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Keep your data secure when traveling by setting up a virtual private network for your mobile devices.

Why You Need a VPN When You Travel, and Top VPNs to Consider

Keyboard_typingIf you travel often for business or pleasure, using your digital devices on the go is like heading out without proper inoculations, particularly when traveling internationally. Setting up a VPN (virtual private network) for your laptop, tablet and/or smartphone can protect your personal information from intrusion when you use public WiFi anywhere you travel, close to home or far away. Here’s a look at VPNs, how they protect you, and three top choices to consider.

What is a VPN?

A virtual private network is a service that provides a safe conduit to get you onto the internet without allowing anyone else to peek at what you’re doing online. Many of us pay bills and access our bank and credit card accounts on the go, and send critical personal information to websites we interact with often. And while the website you’re interacting with may be safe, if the means you’re using to communicate with it aren’t secure, your private information can be accessed by hackers and used to harm you. A VPN encrypts the information you send and receive while on public WiFi to protect your privacy and critical data.

What events can a VPN protect against?

When you log on to your bank, credit card, PayPal or other critical website, the website takes note of your IP address. Your IP address tells the site where you’re logging on from and. While it may not raise red flags if your IP address normally shows you in San Diego and you log in from L.A., if your IP shows a change from home to Thailand, for instance, that can generate a lockout because the website assumes you’ve been hacked.

There are traveler horror stories of being locked out of bank accounts, credit cards or PayPal because the public WiFi IP address was different from their home location. This can necessitate customer service phone calls and huge hassles that can derail your travels and ability to pay while away from home. By setting up a VPN, you get to choose the IP address that your computer or other device conveys to websites, and set it to indicate home, so no red flags crop up while you’re traveling.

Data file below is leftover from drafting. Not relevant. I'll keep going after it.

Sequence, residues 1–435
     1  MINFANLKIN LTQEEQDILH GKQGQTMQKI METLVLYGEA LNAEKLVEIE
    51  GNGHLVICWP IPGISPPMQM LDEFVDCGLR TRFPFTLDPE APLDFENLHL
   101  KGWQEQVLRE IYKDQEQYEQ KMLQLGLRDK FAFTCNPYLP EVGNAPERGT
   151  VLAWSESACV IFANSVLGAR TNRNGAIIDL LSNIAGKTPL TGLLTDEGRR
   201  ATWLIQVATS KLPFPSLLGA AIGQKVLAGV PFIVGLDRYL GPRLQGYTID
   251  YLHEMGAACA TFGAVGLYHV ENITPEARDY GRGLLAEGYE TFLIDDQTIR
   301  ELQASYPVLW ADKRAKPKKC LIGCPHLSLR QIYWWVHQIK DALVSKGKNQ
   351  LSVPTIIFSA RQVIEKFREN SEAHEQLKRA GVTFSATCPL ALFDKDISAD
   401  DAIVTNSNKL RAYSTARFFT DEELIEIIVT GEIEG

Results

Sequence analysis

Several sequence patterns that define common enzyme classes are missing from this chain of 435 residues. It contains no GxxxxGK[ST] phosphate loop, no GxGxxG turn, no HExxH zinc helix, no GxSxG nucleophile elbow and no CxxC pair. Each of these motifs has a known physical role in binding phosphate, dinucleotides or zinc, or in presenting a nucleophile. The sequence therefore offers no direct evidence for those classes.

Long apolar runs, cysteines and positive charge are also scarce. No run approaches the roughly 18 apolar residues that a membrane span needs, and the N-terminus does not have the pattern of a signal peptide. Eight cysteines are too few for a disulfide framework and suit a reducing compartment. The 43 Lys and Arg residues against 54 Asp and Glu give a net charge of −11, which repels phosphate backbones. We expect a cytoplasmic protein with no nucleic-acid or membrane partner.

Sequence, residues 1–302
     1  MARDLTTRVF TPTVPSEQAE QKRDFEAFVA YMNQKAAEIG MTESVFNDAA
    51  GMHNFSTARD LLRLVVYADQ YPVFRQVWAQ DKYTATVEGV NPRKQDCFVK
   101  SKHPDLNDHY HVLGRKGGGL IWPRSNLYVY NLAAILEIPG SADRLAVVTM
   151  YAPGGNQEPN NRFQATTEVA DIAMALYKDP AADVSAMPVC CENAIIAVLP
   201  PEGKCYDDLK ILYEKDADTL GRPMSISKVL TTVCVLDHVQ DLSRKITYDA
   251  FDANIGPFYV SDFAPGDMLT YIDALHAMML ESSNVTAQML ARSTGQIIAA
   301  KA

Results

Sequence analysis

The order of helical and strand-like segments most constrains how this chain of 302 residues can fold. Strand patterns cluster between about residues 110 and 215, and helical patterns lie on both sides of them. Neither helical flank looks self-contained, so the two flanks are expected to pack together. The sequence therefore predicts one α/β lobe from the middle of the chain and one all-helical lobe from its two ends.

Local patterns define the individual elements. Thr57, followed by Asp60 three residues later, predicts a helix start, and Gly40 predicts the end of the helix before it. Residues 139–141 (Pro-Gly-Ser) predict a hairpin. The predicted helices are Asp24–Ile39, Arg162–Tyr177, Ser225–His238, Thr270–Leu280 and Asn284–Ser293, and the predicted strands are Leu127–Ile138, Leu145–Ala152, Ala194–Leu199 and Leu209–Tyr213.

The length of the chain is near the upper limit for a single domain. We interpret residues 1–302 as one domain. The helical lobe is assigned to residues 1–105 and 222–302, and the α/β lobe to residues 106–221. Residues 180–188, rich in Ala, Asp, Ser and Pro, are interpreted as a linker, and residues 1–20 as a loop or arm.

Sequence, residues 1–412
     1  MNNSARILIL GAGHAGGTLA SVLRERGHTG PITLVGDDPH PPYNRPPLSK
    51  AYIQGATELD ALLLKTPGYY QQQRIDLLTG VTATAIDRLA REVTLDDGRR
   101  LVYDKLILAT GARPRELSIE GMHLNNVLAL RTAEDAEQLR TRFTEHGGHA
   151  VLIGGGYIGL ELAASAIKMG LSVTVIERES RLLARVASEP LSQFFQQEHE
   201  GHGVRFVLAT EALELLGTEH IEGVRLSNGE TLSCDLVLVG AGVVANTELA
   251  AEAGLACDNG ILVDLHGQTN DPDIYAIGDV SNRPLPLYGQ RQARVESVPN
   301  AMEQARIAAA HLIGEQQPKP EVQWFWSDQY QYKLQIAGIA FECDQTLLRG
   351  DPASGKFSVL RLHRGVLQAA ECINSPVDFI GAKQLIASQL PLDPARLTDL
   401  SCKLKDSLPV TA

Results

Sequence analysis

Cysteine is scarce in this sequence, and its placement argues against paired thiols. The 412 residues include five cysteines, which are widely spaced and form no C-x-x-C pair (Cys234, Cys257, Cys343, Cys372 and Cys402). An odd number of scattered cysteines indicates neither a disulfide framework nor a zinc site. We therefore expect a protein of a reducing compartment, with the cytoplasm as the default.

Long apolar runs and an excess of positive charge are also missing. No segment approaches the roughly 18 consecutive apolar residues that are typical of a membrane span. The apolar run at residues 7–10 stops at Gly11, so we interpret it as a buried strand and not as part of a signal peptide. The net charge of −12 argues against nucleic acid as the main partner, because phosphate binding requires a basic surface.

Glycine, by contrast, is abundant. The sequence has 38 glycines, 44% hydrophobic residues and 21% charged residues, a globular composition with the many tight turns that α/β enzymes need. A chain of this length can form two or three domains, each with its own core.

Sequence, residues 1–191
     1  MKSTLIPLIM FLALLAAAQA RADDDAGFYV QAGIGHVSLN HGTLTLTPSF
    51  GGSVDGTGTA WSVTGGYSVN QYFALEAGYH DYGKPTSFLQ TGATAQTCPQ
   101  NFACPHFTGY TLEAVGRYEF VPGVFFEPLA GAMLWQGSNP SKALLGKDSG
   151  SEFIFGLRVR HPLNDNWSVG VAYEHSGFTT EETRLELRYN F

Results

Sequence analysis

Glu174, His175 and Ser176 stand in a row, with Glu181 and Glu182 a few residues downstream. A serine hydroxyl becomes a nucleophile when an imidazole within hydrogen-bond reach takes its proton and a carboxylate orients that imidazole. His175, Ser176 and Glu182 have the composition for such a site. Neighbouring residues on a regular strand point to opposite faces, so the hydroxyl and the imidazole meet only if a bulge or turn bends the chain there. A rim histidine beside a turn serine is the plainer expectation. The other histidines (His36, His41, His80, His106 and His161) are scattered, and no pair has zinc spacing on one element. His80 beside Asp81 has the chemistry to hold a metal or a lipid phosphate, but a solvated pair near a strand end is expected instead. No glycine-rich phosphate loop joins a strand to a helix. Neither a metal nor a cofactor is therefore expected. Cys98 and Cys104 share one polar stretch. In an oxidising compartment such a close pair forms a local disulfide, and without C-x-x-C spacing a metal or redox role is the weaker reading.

When you open up your laptop, tablet or smartphone to public WiFi at a hotel, café or coffee shop, there is a potential for outsiders to intercept your emails, monitor the passwords you enter, and gather enough private information to enable them to steal your identity or your money, and/or wreck your credit. You can’t assume that you’re safe at a “name brand” location like a hotel or Starbucks, particularly in a foreign country where internet protocols are not encrypted and hacking is common.

How VPNs provide continuity

Another concern for weary travelers is the ability to kick back and relax. After a long day working out of the country, you may want to watch Netflix or Hulu or log onto your DVR back home and watch the shows you recorded remotely. But if your IP address reflects that you’re in a country where a service is blocked, you may not be able to access your media accounts. And, what’s worse, if you’re in a country that censors sites, like China, you may not be able to get onto Facebook or Google. A VPN is a workaround for any of these cases.

Best VPNs to consider

To set up a VPN, you use software or an app that you can set up yourself. It may seem intimidating to set up an encryption service, but the programs are usually intuitive and walk you through it as simply as if you were installing Microsoft Word or a game app. Some things you want to consider before settling on a VPN service include:

  1. Cost – Most offer a monthly subscription rate with a discount for choosing an annual payment
  2. Connections – You want a subscription you can use across all your devices for no added cost
  3. Locations – Depending on where you travel, you should confirm the service is available there
  4. Mobile – Not all VPNs are compatible with mobile devices (tablets, phones)
  5. Encryption – Look for a service that offers 256-bit encryption (this is the most secure)
  6. Mac vs. Windows – Be sure that a VPN you consider accommodates your computer platform
  7. Customer service – Especially if you’re not tech-savvy, look for a VPN with excellent customer service
  8. Bandwidth – Look for a VPN service that doesn’t limit bandwidth

Some top VPNs to consider include these three.

ExpressVPN

This VPN service is highly rated for speed, security and excellent customer service for less than $15 a month.

Private Internet Access

This is the cheapest VPN, at less than $7 per month, but it has no iOS version and you can’t try it out before you sign up.

IPVanish

This VPN offers a middle-of-the-road cost at $10 per month with speeds close to ExpressVPN’s but with less accessible customer service.

The bottom line on VPNs is that as more and more of us choose to work virtually while traveling – or even locally at the coffee shop, library or anywhere with WiFi – data security will be a growing concern and a VPNs is an important tool to keep you safe online wherever you go.

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About Alyssa Sellors

Alyssa Sellors was an English and Journalism educator for eight years and now works as a freelance writer and journalist. She is a regular contributor to a number of publications. In her spare time, she enjoys traveling, reading, and spending time with her husband, baby boy, and two chihuahuas.